A culture or an individual with a weak base can stand only when the pressure on it is not too great. As an illustration, let us think of a Roman bridge. The Romans built little humpbacked bridges over many of the streams of Europe. People and wagons went over these structures safely for centuries, for two millennia. But if people today drove heavily loaded trucks over these bridges, they would break. It is this way with the lives and value systems of individuals and cultures when they have nothing stronger to build on than their own limitedness, their own finiteness. They can stand when pressures are not too great, but when pressures mount, if then they do not have a sufficient base, they crash — just as a Roman bridge would cave in under the weight of a modern six-wheeled truck. Culture and the freedoms of people are fragile. Without a sufficient base, when such pressures come only time is needed — and often not a great deal of time — before there is a collapse.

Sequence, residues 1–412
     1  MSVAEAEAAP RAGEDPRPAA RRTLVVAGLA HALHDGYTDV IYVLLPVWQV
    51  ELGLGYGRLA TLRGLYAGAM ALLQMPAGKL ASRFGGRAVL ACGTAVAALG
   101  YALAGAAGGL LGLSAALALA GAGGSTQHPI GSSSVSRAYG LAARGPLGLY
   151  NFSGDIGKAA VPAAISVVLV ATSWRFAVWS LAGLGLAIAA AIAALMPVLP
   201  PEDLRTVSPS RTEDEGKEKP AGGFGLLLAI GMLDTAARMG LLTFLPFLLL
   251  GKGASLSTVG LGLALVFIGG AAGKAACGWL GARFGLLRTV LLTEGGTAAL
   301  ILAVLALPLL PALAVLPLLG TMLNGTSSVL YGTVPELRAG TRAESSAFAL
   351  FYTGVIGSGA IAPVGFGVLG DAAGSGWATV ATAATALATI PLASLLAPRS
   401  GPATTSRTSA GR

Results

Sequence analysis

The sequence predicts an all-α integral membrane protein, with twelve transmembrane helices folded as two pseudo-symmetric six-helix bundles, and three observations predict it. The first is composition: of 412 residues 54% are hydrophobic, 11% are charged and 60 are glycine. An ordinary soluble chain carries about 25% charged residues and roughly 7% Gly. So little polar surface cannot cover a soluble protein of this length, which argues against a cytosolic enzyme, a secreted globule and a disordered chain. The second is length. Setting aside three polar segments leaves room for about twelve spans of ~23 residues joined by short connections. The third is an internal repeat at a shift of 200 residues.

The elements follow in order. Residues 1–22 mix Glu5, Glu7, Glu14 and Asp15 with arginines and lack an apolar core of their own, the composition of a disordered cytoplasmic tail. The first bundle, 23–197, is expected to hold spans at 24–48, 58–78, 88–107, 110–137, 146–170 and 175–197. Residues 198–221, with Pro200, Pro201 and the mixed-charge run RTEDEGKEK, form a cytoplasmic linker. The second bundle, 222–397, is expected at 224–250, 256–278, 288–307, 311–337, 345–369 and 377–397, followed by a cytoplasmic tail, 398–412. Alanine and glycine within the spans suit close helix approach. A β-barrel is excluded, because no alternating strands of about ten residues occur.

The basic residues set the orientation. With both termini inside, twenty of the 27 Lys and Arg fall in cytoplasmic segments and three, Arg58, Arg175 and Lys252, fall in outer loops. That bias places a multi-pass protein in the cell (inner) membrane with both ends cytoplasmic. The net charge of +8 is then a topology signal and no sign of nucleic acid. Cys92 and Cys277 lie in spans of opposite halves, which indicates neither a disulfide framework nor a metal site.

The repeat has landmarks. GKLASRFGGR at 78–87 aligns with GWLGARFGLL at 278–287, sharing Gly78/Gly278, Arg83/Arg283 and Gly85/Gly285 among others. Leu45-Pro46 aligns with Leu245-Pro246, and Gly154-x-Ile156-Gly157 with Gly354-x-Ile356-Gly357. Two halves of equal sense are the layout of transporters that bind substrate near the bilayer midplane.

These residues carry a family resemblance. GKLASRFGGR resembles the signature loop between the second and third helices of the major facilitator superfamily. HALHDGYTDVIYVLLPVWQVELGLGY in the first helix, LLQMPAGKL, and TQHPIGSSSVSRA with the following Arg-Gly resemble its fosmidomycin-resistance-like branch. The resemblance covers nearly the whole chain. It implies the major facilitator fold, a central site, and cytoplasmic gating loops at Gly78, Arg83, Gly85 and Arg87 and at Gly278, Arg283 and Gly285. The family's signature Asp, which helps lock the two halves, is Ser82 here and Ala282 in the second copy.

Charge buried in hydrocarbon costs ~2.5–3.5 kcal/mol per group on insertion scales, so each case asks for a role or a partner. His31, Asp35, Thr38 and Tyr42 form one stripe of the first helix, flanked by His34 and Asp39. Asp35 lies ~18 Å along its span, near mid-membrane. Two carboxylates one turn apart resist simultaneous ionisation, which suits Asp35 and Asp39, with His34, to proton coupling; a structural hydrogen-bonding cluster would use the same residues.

The Roman Empire was great in size and military strength. It reached out over much of the known world. Its roads led over all of Europe, the Near East, and North Africa. The monument to Caesar Augustus at Turbi (just above modern Monte Carlo) marks the fact that he opened the roads above the Mediterranean and defeated the proud Gauls. In one direction of Roman expansion the Roman legions passed the Roman city Augusta Praetoria in northern Italy which today is called Aosta, crossed the Alps, and came down the Rhone Valley in Switzerland past the peaks of the Dents du Midi to that place which is now Vevey. For a time the Helvetians, who were Celtic and the principal inhabitants of what is now Switzerland, held them in check and made the proud Romans pass under the yoke. The Swiss painter Charles Gleyre (1806–1874), in a painting which now hangs in the art museum in Lausanne, has shown the conquered Roman soldiers, hands tied behind their backs, bending to pass under a low yoke. All this, however, was temporary. Not much could hold back the Roman legions, neither difficult terrain nor enemy armies. After the Romans had passed what is now St. Maurice and the peaks of the Dents du Midi, and as they flowed around Lake Geneva to modern Vevey, they marched over the hills and conquered the ancient Helvetian capitol, Aventicum, today called Avenches.